The Dead Sea is drying up because it no longer receives enough water from the Jordan River and other sources to offset the rapid evaporation caused by Israel’s arid climate. To save the Dead Sea from going completely dry within just a few decades, a sustainable balance between water flowing in and evaporating out will have to be restored.
Lying at the lowest point on the earth—a remarkable 417m (1,367 ft.) below sea level—the Dead Sea is anything but dead. Granted, no fish live in this salt-saturated inland lake, less than an hour’s drive from Jerusalem, but certain green algae do just fine, plus lots of red archaebacteria. The water looks slightly greenish, and also milky from all its rich minerals—magnesium, calcium, bromine, potassium. For centuries Dead Sea mud has been touted for its healing powers.
But while the Dead Sea is fed by water from several sources, notably the Jordan River, water doesn’t flow out, it just evaporates. And with Jordan River waters increasingly diverted to irrigation projects upstream, there isn’t enough water flowing in these days to offset the rapid evaporation caused by this dry climate. Rocky coves all along the shore are edged with snowy encrustations of salt, and lately, the water level has been dropping at the alarming rate of a meter (3 ft.) every year. Within. 3 decades, the Dead Sea could be completely dry.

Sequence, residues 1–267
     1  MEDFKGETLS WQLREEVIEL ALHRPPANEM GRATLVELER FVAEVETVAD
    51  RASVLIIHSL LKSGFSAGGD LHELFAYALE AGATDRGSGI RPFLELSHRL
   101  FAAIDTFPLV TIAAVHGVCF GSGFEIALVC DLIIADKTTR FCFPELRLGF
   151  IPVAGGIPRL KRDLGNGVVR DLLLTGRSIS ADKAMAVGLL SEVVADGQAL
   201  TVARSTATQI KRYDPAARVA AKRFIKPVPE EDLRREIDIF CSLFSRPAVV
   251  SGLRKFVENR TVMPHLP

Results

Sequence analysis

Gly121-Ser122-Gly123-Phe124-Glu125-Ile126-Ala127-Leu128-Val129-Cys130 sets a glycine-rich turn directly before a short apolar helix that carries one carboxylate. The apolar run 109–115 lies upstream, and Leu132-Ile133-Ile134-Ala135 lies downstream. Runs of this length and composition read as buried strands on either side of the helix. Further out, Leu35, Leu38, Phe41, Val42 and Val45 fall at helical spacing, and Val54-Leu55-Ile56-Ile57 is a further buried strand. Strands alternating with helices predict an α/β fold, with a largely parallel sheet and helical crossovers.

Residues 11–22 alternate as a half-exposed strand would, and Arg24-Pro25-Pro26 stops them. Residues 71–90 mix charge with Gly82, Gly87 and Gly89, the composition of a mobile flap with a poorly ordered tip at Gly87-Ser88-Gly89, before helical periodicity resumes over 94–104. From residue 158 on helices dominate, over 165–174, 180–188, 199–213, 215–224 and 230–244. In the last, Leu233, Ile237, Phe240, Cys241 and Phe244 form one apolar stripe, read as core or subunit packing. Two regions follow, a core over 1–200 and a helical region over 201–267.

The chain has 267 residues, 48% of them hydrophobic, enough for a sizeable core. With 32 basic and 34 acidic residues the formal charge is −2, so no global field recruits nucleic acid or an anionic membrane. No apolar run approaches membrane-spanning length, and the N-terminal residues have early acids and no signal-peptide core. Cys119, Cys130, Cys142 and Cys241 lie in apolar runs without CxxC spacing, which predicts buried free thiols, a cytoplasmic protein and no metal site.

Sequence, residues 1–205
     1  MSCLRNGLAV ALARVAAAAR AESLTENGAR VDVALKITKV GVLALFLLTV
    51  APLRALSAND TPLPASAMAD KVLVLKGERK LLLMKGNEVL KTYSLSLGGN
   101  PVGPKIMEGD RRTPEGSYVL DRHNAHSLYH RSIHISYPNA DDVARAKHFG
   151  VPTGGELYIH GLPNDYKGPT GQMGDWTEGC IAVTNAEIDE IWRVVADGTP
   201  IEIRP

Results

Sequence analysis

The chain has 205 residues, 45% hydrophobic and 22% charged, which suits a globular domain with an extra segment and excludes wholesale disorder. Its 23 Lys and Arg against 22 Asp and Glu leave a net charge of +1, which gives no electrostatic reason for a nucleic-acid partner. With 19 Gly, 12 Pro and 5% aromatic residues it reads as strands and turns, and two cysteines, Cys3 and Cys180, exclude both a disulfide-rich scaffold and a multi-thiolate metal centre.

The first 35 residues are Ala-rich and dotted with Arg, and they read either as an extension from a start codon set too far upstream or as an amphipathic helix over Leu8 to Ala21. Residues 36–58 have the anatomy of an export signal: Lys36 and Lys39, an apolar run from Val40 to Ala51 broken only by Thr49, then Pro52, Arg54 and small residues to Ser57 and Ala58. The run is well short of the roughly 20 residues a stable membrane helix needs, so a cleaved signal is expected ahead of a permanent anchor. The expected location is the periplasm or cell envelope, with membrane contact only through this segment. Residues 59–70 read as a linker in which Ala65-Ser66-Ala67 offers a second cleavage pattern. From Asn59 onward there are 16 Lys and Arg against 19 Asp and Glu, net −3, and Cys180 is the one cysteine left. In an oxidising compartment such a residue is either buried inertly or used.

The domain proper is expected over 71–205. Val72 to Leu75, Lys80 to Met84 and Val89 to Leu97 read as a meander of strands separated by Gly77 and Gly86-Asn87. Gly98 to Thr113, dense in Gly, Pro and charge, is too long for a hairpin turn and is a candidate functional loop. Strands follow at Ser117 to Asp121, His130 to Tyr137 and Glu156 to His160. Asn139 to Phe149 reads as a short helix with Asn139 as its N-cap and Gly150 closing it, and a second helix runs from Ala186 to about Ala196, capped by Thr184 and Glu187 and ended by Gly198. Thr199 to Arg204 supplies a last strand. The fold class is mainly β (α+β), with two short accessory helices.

And with it would go an incredible, unique experience. The sensation of floating in the Dead Sea is so freaky, you keep testing it again and again—releasing your body into that incredibly saline water and popping up to the surface, as buoyant as if you were weightless. Not only that, the Dead Sea air contains 10% more oxygen than normal, making you feel relaxed and energized. It’s hot (up to 107°F/41°C in summer) but dry, and thanks to an extra layer of atmosphere caused by evaporation, the sun’s UV rays are filtered, making it a fairly safe place to sunbathe.
Although the desert ridges around the sea look sand scoured and fierce, along the lakeside highway you’ll find a few lush oases, many of them with sulfur hot springs that give rise to a booming spa industry. Two main beach areas thrive along the Israeli shore: one at Ein Gedi, where you’ll find a rather crowded public beach, a kibbutz with a good hotel and spa, and a botanic garden planted with rare trees and shrubs from all over the world. At Ein Gedi kibbutz, you can book a desert jeep safari, a Bedouin feast in a tent, or an hour-long cruise on the Dead Sea in an eccentric wooden double-deck boat called Lot’s Wife. Further down the coast, past the ancient fortress of Masada, you’ll reach Ein Bokek, where there are several hotels and free public beaches.